An overview of the aims and history of the European security-industrial complex.
The European security-industrial complex is a term used to describe the confluence of interests within the European Union between the 'homeland security' industry and politicians and state officials dealing with security policies.
At EU level, this complex is most apparent in the European Security Research Programme (ESRP),currently a €1.3 billion component of the Horizon Europe research and development programme, in place for the 2021-27 period. The research programme's official name is 'Civil Security for Society'. The ESRP has the twin objectives of enhancing public safety through the development of security technologies and fostering the growth of a globally competitive European 'homeland security' market. Security-related research also takes place in other themes of the research programme (e.g. space, transport, energy). The current incarnation of the ESRP follows on from the €1.7 billion security component of the seven-year EU Framework Research Programme (Horizon 2020, 2014-20), and its €1.4 billion predecessor within the Seventh Framework Programme for Research and Development (FP7, 2007-13).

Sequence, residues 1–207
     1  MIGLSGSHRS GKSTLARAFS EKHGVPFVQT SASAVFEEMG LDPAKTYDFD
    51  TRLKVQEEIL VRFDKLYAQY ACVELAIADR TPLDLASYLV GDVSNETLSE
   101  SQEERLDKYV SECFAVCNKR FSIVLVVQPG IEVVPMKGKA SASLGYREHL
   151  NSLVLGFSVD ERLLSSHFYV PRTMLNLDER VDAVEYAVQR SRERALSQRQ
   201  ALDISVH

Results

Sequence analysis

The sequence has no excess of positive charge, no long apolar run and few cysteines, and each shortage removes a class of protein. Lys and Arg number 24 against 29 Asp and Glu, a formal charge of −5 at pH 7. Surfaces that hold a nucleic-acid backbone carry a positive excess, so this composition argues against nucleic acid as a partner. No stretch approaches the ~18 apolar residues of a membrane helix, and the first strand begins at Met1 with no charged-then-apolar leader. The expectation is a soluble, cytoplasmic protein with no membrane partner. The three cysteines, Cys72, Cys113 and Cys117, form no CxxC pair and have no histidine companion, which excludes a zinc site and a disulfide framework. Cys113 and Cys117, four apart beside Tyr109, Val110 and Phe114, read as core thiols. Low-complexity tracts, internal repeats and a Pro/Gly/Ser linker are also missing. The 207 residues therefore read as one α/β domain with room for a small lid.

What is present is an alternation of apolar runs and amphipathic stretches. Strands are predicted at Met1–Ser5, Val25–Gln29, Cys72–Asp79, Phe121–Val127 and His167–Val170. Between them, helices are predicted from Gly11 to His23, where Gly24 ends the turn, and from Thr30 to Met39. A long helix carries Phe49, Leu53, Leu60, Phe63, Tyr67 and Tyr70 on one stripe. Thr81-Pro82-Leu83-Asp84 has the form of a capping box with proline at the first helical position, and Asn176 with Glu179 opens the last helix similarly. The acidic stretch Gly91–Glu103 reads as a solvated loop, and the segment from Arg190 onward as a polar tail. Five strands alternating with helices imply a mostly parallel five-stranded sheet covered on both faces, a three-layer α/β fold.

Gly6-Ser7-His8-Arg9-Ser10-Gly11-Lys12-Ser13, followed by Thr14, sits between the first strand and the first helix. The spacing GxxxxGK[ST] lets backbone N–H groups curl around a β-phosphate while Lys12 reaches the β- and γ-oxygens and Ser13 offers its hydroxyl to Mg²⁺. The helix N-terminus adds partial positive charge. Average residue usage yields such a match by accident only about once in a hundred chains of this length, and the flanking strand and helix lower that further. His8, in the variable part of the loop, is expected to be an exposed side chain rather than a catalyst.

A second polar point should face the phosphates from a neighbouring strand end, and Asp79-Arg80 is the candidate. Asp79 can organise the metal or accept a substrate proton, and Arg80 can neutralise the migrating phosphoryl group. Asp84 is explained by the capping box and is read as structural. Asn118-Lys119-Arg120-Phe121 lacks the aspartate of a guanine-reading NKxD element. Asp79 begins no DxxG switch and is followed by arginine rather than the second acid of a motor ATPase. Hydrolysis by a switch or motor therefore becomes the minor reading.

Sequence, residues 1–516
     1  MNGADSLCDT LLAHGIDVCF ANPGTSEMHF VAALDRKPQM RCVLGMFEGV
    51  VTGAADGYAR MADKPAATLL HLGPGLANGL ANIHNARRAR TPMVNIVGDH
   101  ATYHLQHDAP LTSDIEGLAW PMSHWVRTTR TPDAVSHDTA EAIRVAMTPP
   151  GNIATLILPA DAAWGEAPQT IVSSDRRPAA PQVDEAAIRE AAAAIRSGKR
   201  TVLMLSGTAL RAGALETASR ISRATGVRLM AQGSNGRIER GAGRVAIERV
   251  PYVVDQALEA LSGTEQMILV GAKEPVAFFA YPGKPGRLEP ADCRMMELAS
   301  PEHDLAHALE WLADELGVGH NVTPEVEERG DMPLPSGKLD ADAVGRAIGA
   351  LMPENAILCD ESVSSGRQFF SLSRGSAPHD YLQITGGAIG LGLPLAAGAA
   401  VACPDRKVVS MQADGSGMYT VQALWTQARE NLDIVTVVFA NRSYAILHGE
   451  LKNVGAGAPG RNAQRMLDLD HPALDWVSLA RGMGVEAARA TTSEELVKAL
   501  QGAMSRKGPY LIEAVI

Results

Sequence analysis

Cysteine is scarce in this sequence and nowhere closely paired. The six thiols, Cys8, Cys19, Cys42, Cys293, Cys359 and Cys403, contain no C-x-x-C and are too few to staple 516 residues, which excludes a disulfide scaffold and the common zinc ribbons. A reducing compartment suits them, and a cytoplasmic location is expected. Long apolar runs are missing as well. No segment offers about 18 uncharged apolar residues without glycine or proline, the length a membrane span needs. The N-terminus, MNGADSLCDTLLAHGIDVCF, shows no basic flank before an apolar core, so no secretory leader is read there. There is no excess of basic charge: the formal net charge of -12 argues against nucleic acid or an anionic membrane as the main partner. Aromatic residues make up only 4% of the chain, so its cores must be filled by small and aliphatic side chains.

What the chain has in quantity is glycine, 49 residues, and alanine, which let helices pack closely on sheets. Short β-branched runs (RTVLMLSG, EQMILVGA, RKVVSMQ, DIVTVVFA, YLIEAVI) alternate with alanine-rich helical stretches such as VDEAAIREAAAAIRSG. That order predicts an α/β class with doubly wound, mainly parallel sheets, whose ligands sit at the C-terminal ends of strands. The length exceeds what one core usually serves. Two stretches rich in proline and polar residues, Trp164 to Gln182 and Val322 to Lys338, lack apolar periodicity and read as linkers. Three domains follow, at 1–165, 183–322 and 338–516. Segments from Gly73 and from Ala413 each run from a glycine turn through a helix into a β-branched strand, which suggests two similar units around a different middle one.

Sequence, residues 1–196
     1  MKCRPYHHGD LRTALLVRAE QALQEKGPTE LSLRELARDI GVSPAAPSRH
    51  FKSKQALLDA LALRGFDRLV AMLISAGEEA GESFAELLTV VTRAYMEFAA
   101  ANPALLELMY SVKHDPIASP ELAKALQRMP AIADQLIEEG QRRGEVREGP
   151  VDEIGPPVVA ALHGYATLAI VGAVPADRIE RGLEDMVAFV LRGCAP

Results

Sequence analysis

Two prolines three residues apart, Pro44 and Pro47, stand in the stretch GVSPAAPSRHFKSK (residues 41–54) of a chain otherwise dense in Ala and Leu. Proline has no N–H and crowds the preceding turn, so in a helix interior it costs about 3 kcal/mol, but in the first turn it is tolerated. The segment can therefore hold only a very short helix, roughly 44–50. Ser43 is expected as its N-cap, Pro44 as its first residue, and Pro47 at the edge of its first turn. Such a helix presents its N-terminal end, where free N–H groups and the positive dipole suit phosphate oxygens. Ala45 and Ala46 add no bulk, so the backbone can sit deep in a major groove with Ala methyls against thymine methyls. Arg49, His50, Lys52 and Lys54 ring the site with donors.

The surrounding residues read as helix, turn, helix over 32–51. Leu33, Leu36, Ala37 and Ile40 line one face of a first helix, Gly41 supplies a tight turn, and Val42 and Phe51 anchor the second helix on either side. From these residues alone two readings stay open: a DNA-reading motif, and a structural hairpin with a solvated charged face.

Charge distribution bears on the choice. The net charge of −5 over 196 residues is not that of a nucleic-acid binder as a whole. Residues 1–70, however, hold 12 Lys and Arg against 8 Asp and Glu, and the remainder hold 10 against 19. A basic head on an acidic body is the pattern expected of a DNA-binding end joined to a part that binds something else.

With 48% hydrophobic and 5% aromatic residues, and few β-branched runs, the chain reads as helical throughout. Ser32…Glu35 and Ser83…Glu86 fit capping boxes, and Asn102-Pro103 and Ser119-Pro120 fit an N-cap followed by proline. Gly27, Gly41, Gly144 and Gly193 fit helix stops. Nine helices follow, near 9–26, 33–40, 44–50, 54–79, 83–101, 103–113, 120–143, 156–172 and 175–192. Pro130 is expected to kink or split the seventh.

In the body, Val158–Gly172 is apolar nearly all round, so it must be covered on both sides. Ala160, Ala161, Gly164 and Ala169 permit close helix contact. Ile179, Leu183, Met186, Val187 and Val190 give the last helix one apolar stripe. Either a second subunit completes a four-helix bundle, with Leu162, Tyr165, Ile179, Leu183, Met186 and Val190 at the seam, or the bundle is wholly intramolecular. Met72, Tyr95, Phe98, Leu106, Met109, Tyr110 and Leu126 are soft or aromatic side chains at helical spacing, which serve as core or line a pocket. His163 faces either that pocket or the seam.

The security research budgets are intended to provide tools and technologies that will complement EU and national internal security policies, which have their own budgets. For the 2021-27 period, these include the Internal Security Fund, the Integrated Border Management Fund and the European Defence Fund.
Early research by Statewatch and the Transnational Institute (Arming Big Brother and NeoConOpticon) showed how the design of the ESRP was largely outsourced to the major players in the nascent European Homeland Security industry, instituting an apparent conflict of interests within which large multinationals and major research institutes have been able to shape the security research agenda, apply for the subsequent R&D funds on offer, and then attempt to sell the resulting technologies and systems back to the governments that funded their development. Subsequent research (Market Forces) has confirmed these findings. See: Market Forces (2017), NeoConOpticon (2009) and Arming Big Brother (2006).
According to a 2014 report commissioned by the European Parliament, the EU's dedication to supporting the security industry and developing technologies of surveillance “overrules all other societal considerations, which are relegated to preoccupations with societal acceptance of security technologies.” A 2010 edition of the same report concluded that "it is mostly large defence companies, the very same who have participated in the definition of EU-sponsored security research which are the main beneficiaries of [ESRP] funds".
The EU has also recommended that Member States establish dedicated national security research programmes and at least seven have done so.
Projects funded under the ESRP
Israel's involvement in the ESRP
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